The coronavirus crisis bombards us with radical, sweeping change on a daily, if not hourly, basis. Economic rules are being redrawn, our social fabric is being tested and businesses are facing disruption on a scale unimaginable just weeks ago.
Amid the tsunami of change, it’s worth pausing to consider the smaller ripples that may pass unnoticed today but have implications for the years ahead.
The contactless payment limit has been increased to £45 and it’s unlikely to fall back to its previous level; attitudes to remote work and communication will never be the same again; and even assumptions about the structure of family life are being reevaluated.
Our national institutions will be defined by the response to the emergency facing the nation. The NHS is seeking a volunteer army of 250,000 people, the charity sector will see its ranks swell, education and employment is already very different for millions and even the BBC will emerge from this into a new political and social climate.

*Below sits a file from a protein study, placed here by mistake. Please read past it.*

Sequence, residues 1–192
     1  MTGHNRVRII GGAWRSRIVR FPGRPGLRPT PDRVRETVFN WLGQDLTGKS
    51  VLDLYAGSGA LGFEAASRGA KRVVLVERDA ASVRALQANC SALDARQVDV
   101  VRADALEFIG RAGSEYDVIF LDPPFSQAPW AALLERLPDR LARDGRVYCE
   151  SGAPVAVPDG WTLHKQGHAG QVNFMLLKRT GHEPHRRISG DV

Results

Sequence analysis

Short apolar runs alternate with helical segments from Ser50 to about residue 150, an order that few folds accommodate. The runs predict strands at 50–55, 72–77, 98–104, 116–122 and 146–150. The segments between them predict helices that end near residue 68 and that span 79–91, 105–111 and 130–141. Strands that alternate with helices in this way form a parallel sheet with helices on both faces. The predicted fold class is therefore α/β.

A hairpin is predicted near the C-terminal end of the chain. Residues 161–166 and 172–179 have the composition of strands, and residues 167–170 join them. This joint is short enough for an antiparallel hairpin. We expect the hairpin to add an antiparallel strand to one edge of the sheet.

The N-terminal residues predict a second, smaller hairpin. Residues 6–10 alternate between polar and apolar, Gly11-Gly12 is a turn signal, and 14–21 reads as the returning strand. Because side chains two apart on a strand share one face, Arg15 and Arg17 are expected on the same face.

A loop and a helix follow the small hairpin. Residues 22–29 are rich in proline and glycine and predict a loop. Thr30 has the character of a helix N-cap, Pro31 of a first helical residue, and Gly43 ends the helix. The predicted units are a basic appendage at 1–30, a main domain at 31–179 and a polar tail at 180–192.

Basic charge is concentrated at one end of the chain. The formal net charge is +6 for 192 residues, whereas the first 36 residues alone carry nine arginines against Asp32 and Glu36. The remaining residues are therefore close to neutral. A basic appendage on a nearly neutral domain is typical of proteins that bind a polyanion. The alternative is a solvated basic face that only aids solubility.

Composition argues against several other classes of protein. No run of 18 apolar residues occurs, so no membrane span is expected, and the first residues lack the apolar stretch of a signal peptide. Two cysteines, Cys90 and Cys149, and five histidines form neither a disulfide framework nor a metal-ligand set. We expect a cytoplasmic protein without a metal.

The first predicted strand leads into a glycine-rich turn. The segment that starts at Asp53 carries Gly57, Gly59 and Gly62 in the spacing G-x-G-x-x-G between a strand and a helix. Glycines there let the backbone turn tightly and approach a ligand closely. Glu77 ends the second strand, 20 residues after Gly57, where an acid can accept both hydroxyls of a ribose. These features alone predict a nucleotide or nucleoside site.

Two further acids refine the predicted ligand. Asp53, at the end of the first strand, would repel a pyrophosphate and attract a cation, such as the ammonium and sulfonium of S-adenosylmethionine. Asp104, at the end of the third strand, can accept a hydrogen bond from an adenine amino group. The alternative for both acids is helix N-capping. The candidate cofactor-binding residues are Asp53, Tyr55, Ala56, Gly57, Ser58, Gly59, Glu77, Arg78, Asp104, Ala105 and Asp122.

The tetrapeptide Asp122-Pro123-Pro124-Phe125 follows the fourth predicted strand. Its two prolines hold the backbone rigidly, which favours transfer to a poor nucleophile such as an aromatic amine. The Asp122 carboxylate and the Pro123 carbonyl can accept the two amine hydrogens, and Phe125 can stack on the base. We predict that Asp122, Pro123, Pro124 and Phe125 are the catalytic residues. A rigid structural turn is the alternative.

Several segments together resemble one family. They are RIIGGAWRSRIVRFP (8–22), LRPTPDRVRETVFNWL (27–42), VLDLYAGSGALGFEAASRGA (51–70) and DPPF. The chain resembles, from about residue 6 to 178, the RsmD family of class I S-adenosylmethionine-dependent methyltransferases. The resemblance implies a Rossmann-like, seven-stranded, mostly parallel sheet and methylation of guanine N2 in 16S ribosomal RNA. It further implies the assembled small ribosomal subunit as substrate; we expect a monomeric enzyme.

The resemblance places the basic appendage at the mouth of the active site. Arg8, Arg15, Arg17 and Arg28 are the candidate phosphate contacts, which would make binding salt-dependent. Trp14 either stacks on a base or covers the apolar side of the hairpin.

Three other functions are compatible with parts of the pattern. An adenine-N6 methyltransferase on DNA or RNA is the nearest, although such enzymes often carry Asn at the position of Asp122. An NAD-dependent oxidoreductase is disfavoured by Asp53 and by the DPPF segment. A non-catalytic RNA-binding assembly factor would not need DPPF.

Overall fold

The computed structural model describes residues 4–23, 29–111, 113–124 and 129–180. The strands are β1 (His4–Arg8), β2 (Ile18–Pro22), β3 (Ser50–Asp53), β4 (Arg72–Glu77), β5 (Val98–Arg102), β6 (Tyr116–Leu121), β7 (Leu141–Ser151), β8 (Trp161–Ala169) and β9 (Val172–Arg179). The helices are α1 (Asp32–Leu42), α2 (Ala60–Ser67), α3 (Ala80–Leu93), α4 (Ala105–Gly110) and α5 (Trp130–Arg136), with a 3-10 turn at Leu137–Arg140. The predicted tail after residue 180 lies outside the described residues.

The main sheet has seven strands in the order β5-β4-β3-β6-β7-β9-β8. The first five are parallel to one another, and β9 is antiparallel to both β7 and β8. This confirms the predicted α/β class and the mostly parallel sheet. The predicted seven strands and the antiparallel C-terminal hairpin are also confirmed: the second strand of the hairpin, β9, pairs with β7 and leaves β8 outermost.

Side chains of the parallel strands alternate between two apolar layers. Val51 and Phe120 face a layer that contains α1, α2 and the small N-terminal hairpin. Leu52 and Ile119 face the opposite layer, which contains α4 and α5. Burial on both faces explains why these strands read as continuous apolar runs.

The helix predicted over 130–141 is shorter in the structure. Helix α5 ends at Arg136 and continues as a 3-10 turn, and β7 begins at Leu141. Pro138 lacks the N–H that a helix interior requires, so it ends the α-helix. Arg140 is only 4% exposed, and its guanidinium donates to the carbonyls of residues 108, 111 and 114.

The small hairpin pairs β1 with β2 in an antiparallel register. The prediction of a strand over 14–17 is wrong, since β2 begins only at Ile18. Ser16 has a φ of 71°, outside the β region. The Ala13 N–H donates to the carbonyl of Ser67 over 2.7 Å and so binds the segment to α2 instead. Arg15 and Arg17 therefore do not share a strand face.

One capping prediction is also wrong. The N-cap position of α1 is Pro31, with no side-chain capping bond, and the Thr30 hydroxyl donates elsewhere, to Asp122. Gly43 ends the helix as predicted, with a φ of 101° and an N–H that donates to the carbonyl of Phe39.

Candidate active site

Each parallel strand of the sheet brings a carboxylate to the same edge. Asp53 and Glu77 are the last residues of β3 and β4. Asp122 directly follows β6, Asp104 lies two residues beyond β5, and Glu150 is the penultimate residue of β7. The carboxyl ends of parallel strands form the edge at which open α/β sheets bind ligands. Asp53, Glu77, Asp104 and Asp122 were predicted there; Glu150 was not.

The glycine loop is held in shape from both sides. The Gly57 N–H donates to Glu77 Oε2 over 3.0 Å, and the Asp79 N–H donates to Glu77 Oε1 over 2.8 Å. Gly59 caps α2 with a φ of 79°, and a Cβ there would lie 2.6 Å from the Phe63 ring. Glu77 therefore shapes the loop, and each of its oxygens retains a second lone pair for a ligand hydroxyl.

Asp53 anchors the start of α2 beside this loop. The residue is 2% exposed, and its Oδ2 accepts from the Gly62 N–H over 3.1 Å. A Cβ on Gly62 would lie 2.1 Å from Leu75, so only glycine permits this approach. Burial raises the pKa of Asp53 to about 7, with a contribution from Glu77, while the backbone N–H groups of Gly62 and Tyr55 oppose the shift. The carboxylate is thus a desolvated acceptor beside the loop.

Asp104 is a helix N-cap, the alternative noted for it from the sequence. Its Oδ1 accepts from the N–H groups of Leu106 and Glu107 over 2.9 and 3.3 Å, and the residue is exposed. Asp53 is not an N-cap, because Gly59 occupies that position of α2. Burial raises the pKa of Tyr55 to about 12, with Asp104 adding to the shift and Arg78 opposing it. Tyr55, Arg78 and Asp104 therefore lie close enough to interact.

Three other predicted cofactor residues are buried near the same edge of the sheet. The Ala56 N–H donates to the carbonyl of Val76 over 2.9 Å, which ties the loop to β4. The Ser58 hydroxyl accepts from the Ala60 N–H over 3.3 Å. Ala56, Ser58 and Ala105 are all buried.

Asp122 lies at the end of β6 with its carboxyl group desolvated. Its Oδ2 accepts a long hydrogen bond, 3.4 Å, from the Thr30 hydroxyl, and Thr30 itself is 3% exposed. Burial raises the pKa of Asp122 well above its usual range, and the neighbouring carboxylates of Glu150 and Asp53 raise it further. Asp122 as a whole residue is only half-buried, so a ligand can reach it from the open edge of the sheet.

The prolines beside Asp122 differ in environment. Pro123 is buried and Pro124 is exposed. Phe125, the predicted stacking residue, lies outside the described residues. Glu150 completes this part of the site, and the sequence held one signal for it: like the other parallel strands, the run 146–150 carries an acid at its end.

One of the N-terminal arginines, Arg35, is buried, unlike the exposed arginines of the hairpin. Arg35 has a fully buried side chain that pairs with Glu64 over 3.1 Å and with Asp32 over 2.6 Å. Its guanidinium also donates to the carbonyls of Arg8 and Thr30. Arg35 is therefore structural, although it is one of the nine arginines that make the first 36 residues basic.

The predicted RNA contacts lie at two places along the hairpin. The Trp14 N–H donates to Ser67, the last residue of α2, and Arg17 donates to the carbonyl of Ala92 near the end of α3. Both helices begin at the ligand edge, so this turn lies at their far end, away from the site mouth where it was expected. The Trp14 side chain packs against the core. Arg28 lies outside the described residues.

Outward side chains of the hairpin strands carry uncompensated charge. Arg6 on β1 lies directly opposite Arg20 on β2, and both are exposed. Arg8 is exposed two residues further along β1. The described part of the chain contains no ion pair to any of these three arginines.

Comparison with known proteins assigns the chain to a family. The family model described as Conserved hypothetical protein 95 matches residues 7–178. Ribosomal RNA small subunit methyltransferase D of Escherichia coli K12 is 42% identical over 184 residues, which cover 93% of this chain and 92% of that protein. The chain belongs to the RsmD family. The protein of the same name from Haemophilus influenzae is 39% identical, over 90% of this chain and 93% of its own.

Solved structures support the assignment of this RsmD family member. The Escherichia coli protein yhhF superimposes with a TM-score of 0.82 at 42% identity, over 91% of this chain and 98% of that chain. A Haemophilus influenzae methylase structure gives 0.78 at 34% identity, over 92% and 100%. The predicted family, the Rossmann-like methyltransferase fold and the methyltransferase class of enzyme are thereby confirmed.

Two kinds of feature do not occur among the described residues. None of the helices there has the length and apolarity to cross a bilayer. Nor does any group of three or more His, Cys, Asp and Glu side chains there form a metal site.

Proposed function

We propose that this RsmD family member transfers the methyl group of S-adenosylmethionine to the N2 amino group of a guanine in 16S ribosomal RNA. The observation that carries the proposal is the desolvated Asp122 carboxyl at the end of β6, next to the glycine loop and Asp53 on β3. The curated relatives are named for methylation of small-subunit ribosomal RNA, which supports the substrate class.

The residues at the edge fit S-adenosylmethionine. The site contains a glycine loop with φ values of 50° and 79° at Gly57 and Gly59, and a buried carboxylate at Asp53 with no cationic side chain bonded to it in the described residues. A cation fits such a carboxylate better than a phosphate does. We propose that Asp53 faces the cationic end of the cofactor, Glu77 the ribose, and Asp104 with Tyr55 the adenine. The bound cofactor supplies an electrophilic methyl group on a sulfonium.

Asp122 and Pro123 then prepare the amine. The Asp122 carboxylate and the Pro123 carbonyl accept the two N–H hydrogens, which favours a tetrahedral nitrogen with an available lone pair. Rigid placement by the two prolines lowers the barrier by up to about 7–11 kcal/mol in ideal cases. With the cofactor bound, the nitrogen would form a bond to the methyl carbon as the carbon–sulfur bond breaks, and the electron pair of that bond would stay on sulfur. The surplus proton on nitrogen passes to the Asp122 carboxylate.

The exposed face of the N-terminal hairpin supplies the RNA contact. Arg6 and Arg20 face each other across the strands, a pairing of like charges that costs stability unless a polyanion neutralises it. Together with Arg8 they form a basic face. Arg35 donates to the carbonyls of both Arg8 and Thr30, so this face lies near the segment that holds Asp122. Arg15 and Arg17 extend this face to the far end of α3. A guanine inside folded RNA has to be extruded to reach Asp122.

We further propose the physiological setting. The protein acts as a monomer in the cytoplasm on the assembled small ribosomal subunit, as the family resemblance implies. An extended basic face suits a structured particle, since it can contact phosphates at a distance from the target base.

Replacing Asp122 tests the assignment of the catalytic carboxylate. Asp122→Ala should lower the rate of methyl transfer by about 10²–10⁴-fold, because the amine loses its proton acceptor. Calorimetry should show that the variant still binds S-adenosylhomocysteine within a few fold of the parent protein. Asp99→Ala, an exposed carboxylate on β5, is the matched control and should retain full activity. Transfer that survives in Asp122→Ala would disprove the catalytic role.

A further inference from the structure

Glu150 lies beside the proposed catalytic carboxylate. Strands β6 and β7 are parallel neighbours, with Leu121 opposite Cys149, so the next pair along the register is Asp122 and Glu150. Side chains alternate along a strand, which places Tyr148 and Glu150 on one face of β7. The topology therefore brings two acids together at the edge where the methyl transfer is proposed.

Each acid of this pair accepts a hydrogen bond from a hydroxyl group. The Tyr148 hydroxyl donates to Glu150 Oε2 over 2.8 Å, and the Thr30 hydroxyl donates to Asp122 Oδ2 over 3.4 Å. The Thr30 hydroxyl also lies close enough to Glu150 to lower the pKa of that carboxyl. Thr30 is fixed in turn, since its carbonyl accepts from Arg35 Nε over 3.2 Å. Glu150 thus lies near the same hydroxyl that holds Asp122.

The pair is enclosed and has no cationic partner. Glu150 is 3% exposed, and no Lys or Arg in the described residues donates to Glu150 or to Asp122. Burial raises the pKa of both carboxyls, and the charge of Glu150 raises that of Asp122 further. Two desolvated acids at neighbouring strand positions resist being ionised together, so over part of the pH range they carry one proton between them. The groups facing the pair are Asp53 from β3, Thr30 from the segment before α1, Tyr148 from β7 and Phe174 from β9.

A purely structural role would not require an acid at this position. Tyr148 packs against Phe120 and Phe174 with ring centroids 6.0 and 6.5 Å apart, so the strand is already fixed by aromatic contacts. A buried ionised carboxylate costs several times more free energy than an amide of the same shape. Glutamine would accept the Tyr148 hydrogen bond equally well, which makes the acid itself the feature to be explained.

For months the Beeb has been in firefighting mode, battling a string of scandals and political attacks that have cast doubts over the institution’s survival in its current form. Yet, over the last few weeks, the public service broadcaster’s inherent value has been felt by vast swathes of the country.
The BBC Six O’Clock News last week attracted its largest audience in more than a decade, with a huge surge in viewing figures across its entire news output. With ever-increasing fragmentation in the market and intense international competition for viewers, the BBC’s strengths of trust and dependability may come to the fore in a crisis. This is not to say that all is well in W1A.
The BBC undoubtedly faces radical reform in the years to come and once the pandemic panic subsides, fundamental threats will remain. Its market and its audience is changing, fast, and it must adapt. But the pandemic will put things in perspective.
The government has waged political war against the BBC and for weeks Downing Street imposed a boycott of its flagship broadcast output. Once we get through this crisis, the BBC’s critics will remain in government and the broadcaster faces an uncertain future.
But ministers and political aides intent on clipping its wings should reflect on the fact that its stock will likely climb during the months ahead, and as such any future battle may be harder to win.
Main image: Getty